5 Ways Drones are Changing the Construction Industry


Image Credit: mswmag.com

Technology has been at the forefront of innovation in the construction industry in recent years. From 3D printers to self-driving trucks, we’ve seen an influx of exciting tech that is sure to cut down project costs and timelines, as well as increase the safety of construction sites. Now, in 2020, drones are impacting the construction industry in a number of meaningful ways.

It would be a massive understatement to say that people were shocked after watching a fully equipped drone’s flight. Drones, with their agility, precision controls and manoeuvrability are truly revolutionizing the construction sector. Drones are able to provide incomparable angles to a range of construction activities, making them a very unique and useful tool. They’re also able to be affixed with different sensors and devices that increase productivity in an interesting way.

Check out iSeekplant’s guide to the top 5 ways drones have changed the landscape of the construction industry below!

5 - Real-time Project Updates

Drones can efficiently provide real-time updates of a construction site that traditional methodologies don’t come close to. Progress reports are frequently requested by clients and site owners, which usually require a detailed list of activities going on at the moment. If done physically, the process is incredibly tedious and requires more manpower to reliably track. Drones have negated the need for lengthy progress reports and are able to gather real-time information at a moments notice.

4 - Photogrammetric Mapping


Mapping out sites with a drone is incredibly easy and cost-effective. Drones use a technique called Photogrammetry mapping, which is essentially the science of making measurements from photographs. A dynamic camera will be mounted to the drone and aimed vertically downwards to capture the area that needs to be mapped out. After a rigorous flight around the area (usually with a few battery changes), the photographed data is stored and processed through software to obtain a comprehensive survey of infrastructure, land, buildings and more.

The consequential output of data will provide you with the ability to take accurate length, area and volume measurements from the maps. The mining, archaeology, real estate, agriculture and, of course, construction industries all utilised drones’ photogrammetric mapping.

3 - Inspection and Monitoring

In 2020, drones are being used for just about any sort of inspection around construction sites. From inspecting compromised rooftops to detecting heat leaks to ensuring the proper functioning of heavy machinery. Drones are great for detecting dangerous materials, conditions, and for assessing structures aerially - all without placing any employees at risk.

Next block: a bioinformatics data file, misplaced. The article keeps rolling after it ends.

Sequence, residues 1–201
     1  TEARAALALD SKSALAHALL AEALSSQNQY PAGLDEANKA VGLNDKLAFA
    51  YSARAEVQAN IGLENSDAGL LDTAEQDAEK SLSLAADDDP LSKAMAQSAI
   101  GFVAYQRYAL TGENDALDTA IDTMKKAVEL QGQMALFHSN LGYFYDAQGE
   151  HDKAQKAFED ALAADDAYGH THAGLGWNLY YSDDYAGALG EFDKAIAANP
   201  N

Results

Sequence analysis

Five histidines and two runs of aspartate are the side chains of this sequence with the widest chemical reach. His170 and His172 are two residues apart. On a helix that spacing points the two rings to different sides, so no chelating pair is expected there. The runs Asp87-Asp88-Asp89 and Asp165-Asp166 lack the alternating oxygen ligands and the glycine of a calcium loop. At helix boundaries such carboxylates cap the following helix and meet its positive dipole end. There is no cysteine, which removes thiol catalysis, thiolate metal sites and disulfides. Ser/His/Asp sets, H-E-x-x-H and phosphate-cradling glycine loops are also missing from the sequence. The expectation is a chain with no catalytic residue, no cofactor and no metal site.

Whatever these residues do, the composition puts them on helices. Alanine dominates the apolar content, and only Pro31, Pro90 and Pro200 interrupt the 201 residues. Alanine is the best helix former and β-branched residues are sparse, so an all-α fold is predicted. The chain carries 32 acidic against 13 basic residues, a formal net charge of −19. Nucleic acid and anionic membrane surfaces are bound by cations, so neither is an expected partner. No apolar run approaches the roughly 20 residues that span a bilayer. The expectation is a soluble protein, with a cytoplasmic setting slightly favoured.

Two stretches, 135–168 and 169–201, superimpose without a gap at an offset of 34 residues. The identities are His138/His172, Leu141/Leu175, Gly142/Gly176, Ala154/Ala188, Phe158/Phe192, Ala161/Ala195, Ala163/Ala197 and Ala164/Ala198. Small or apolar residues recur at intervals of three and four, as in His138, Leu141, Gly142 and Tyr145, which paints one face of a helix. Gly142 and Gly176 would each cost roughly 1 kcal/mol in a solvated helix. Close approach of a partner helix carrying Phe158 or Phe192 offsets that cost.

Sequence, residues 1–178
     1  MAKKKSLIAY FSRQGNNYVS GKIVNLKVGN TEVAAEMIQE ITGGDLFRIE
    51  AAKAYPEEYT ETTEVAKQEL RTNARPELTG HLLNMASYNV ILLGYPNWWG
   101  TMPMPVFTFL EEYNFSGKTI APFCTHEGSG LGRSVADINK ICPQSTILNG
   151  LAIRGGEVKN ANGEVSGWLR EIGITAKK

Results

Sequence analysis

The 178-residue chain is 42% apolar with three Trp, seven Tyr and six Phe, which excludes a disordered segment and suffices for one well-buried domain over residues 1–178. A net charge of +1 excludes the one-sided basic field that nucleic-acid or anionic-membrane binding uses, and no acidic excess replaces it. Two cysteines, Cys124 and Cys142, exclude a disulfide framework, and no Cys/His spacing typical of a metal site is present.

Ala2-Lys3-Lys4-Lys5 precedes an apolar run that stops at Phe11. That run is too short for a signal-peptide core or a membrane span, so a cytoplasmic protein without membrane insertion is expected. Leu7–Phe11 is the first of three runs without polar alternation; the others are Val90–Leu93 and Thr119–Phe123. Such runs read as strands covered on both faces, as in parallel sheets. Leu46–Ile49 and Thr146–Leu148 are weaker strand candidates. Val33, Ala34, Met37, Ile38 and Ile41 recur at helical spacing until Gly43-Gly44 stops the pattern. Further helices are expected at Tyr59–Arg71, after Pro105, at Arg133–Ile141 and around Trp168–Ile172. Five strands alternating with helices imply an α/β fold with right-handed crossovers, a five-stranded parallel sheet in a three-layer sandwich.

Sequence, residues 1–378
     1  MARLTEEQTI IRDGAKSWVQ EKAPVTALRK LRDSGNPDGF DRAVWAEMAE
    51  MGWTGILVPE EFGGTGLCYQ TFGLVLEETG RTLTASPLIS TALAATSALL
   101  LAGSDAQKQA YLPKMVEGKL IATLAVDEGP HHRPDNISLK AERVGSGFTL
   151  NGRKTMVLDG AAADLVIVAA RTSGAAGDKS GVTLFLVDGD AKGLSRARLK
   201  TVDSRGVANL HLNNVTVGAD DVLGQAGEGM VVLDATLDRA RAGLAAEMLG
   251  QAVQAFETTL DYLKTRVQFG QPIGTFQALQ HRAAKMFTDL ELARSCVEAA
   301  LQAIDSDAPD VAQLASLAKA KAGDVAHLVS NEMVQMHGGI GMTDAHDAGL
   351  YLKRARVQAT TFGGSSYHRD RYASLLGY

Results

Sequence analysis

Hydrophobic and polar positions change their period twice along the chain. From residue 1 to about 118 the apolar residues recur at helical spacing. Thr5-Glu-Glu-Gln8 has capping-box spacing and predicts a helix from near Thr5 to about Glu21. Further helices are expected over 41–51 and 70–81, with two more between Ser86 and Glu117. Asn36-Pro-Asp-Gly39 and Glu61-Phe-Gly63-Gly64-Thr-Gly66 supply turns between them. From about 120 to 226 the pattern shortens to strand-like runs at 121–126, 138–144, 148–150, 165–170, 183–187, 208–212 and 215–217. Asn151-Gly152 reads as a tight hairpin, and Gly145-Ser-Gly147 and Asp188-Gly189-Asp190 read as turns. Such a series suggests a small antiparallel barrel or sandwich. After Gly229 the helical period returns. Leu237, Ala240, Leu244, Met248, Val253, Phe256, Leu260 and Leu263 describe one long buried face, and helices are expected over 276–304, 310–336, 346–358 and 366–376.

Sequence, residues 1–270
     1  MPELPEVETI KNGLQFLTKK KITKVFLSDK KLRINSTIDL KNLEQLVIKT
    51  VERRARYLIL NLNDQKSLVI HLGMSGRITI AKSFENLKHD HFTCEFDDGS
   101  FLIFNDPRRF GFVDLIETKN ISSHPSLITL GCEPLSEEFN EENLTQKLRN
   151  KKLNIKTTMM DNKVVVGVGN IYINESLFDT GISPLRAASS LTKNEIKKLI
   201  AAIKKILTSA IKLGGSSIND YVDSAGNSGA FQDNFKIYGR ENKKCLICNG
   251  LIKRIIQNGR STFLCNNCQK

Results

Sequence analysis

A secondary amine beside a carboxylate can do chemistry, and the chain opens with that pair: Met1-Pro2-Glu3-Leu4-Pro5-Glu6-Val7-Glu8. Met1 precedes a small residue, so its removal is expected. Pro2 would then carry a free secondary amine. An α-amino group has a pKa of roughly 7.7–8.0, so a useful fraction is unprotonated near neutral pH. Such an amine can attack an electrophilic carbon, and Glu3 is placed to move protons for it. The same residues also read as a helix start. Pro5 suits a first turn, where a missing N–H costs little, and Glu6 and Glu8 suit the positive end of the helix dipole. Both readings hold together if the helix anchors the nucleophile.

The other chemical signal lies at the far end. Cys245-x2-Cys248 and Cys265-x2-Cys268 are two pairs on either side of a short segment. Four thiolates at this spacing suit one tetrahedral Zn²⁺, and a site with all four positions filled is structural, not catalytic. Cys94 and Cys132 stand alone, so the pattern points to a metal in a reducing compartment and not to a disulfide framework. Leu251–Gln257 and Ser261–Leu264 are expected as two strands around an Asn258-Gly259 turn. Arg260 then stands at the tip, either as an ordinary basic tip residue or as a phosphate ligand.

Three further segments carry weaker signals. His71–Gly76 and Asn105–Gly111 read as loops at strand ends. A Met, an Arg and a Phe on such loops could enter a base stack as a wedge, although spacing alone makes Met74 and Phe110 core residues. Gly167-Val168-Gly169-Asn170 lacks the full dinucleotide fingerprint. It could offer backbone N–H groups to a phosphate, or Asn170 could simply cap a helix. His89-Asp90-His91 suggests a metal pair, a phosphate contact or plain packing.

DroneDeploy, a leading cloud software platform, says that drones are ideal for tasks such as assessing building envelopes or investigating a roof for damage. This eradicates the need for a person to walk across an unsafe roof or climb-up scaffolding. By implementing drone technology around a construction site, you’re able to conduct visual inspections of dangerous spaces, all the while saving time and money.

2 - Marketing


The specifications that some drones boast in 2020 is very exciting. Just about any quality drone can produce high-resolution videos and images that can impact your businesses marketing potential in a dramatic way. High-quality renders allow potential investors and clients a glossy insight into your projects. They provide them with a perception of your capabilities and depict how your organisation would execute the job for them. Showing drone images will give prospective clients a better understanding of your work and what to expect.

1 - Construction Site Security and Safety

Increases to security and safety are arguably the most meaningful impact drones have had on construction sites. Drones that are equipped with radar, infrared cameras or laser-based range finders provide awesome images of construction sites. They can also closely track people, materials, dynamic objects and equipment with ease. This data is very useful to site officials that are aiming to identify potential safety issues or risks. They also pave the way for safer maintenance and keep you wary of the unforeseeable risks.

Drones are also able to keep construction sites secure from theft and vandalism, with nightly fly-overs costing much less than security guards.


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